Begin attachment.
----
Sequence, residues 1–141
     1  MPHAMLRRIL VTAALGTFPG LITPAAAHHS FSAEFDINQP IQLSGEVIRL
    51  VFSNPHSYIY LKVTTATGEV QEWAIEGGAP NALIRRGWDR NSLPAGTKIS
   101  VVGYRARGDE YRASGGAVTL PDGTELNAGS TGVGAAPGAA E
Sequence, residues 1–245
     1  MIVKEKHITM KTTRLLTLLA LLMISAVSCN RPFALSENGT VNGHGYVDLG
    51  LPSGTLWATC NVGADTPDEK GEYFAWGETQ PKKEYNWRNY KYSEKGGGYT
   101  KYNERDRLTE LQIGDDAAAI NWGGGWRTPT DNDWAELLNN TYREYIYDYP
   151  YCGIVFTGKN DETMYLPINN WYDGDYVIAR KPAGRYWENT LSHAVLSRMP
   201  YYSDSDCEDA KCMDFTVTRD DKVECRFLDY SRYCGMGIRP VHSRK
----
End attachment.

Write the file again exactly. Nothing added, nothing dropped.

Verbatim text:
Sequence, residues 1–141
     1  MPHAMLRRIL VTAALGTFPG LITPAAAHHS FSAEFDINQP IQLSGEVIRL
    51  VFSNPHSYIY LKVTTATGEV QEWAIEGGAP NALIRRGWDR NSLPAGTKIS
   101  VVGYRARGDE YRASGGAVTL PDGTELNAGS TGVGAAPGAA E
Sequence, residues 1–245
     1  MIVKEKHITM KTTRLLTLLA LLMISAVSCN RPFALSENGT VNGHGYVDLG
    51  LPSGTLWATC NVGADTPDEK GEYFAWGETQ PKKEYNWRNY KYSEKGGGYT
   101  KYNERDRLTE LQIGDDAAAI NWGGGWRTPT DNDWAELLNN TYREYIYDYP
   151  YCGIVFTGKN DETMYLPINN WYDGDYVIAR KPAGRYWENT LSHAVLSRMP
   201  YYSDSDCEDA KCMDFTVTRD DKVECRFLDY SRYCGMGIRP VHSRK